“I joined them at the start of their incredible growth journey – and it was a huge journey in terms of cultural change as well,” she said.
“I was responsible for all of our production and had a team of 160 people, a $140 million operating budget, and about $140 million capital expenditure budget.
“Our competitive edge was innovation. I was the Production Development Manager who had operational responsibility for all of our manufacturing lines which included the responsibility to set up capability and commercialisation of our new products. Frucor at the time would bring around 70 new products to market each year. This required new lines to be set up, capital investment, transfer marketing requirements, and R&D specifications.
“Some of the projects were firsts for the southern hemisphere.
“We produced ‘V’ and created the energy drink category in the process.
“Right from the start we were focused on people and setting up the right frameworks and culture and successfully lifted production engagement by 86 per cent.”
Much of her focus is on creating great work culture.
“It’s about creating great work environments and attracting and keeping great talent who do great things while they’re there and unleashing the latent potential that already exists within organisations,” she said.
“We delivered millions in operational improvements and significant capital projects that enabled growth, by creating great working cultures.”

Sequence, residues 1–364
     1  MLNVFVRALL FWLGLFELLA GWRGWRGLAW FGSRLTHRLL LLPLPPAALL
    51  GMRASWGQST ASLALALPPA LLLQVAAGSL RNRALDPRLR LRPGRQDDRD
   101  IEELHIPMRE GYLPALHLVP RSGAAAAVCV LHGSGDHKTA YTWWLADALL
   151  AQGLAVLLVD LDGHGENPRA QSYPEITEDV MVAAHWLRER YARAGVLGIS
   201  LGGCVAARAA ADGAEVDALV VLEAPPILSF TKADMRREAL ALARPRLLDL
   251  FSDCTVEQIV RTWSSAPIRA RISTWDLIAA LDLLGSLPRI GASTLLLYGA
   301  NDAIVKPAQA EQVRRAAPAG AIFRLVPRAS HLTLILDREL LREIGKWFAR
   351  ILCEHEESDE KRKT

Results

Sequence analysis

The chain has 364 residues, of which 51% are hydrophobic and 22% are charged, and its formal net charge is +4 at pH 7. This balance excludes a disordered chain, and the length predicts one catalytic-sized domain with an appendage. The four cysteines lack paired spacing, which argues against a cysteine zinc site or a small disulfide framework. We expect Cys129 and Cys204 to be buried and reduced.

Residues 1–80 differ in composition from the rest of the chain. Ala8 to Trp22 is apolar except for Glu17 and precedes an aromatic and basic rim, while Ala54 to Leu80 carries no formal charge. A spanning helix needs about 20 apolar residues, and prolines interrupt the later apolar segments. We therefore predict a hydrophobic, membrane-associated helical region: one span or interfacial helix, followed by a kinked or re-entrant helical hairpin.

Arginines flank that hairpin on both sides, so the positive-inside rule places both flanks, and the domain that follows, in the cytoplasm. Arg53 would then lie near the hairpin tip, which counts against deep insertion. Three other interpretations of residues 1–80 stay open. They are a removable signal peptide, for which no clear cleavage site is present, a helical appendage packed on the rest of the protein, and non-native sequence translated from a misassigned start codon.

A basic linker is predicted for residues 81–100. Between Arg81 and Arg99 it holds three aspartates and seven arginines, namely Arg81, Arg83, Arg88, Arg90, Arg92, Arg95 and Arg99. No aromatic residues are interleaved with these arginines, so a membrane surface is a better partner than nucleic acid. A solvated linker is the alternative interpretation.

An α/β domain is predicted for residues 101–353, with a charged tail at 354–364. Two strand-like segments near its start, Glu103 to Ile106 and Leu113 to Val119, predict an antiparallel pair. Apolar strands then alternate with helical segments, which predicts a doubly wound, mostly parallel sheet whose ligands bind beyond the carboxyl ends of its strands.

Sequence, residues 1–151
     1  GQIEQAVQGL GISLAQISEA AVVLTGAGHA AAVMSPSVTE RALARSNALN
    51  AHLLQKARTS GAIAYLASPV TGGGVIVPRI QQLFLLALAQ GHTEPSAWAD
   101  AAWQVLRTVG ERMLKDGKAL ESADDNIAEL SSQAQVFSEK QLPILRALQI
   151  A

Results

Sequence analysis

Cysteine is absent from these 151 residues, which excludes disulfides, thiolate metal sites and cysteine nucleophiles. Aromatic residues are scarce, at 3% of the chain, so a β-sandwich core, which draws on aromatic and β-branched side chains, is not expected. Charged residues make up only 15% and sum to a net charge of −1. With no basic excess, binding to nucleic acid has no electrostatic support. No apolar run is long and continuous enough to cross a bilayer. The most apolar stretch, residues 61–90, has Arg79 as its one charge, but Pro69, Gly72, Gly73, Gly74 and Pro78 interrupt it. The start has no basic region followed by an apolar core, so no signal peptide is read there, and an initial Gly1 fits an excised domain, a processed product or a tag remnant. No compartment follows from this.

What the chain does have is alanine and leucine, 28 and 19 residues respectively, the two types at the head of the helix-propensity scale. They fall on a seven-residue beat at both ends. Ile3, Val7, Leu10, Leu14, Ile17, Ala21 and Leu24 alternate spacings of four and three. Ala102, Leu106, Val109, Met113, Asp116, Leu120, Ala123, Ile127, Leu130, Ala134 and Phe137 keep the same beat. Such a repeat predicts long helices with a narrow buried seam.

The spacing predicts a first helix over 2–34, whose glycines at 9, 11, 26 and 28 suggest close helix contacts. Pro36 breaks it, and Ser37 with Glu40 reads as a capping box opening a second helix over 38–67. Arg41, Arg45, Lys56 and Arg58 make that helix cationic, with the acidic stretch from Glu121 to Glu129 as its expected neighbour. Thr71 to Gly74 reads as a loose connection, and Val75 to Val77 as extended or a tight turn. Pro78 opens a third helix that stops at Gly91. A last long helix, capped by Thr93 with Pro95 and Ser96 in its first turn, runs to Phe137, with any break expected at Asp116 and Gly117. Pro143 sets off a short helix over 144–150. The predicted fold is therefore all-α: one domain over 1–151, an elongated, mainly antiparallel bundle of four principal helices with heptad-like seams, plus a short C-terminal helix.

From Frucor, Fiona went on to spend four years with EasiYO before getting shoulder tapped again by fate, to join Moana New Zealand (Moana) last year.
“While I was with Frucor, we did a lot of work around introspection and looking at what I wanted to achieve and who I wanted to work with. I knew then that I wanted to work with Iwi. I wanted to help ensure treaty settlements were being managed well for future generations and I felt I had experience that could help give back in that space. I wasn’t sure how I could do it, but it became very clear that this was the space I wanted to move into.
“And then I got the call. “I had never heard of Moana, until this role came to me serendipitously, through a phone call from a recruitment agency.
“I wasn’t even looking at the time, but I did some research and asked: Who is Moana? And the response I got was “we’re owned by all 59 Iwi as an entity set up to manage Maori fishery settlement assets. What we do makes a difference for Iwi as 40 per cent of the profit is returned directly to Iwi. You can come and use your experience to help us build a long-term sustainable business.